Gaming PCs is not cheap, to begin with, and building them up yourself can seem like a daunting task. However, the more you dig into it, the more you’ll find that building a PC is not that difficult. There are countless guides online with video tutorials and even forums to help those that are having some trouble in terms of what to do or troubleshoot. As a result, going into 2021 with very few consoles readily available for purchase when it comes to the latest generation of video games, building a gaming PC might have seemed like a viable option.
Here’s the problem with going through that avenue. The PC market is just as tough to scavenge parts as it is for brand new consoles. This is especially true right now for GPUs or graphics cards. One of the more crucial components to an entire PC build, especially for gaming, is tough to come by. Most everyone is looking at the latest GPUs available such as Nvidia’s RTX 30 series. They were competitively priced and offered players the best performance at the moment since these GPUs were again the latest generation.
Unfortunately, just like with new video game consoles, the marketplace is barren. This was partly due to the pandemic, resellers looking to make some money through a flip, and of course, cryptocurrency. More individuals are getting into mining crypto which requires some GPUs to get the job done. We won’t go into the whole backstory of how crypto mining is done, but for PC builders that were after a GPU to finish things off, there was an empty marketplace.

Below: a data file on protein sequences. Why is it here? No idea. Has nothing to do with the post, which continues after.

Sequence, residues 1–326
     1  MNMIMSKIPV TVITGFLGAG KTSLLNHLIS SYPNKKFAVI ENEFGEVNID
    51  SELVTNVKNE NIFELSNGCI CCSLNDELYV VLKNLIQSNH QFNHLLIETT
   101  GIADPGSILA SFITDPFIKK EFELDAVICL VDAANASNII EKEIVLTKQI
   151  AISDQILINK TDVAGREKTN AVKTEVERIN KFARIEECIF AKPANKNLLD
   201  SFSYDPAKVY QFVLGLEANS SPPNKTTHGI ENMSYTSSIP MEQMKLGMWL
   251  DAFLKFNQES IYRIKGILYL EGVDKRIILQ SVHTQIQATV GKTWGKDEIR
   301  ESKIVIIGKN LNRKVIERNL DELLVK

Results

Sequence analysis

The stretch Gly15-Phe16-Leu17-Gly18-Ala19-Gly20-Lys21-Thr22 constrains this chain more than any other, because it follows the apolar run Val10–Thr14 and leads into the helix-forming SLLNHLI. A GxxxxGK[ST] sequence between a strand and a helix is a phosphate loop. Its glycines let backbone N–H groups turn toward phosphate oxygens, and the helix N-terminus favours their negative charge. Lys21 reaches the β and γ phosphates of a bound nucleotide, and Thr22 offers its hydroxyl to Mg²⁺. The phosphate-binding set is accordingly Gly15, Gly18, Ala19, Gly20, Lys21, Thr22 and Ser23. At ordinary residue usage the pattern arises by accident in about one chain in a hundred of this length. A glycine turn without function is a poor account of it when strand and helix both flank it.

Retailers were offering raffles to allow consumers a chance to purchase a GPU. With that said, the market is going towards a favor for gamers in China. A new ban on crypto in China has resulted in stock dropping prices for these GPUs. Since the government is cracking down on crypto in general, the stock price for new GPUs is steadily dropping. Unfortunately, there’s not much we can say for other markets. Hopefully, we’ll start seeing GPUs flood the marketplace which may help give consumers an honest chance of finding a GPU in stock and not paying over MSRP.
Source: PC Gamer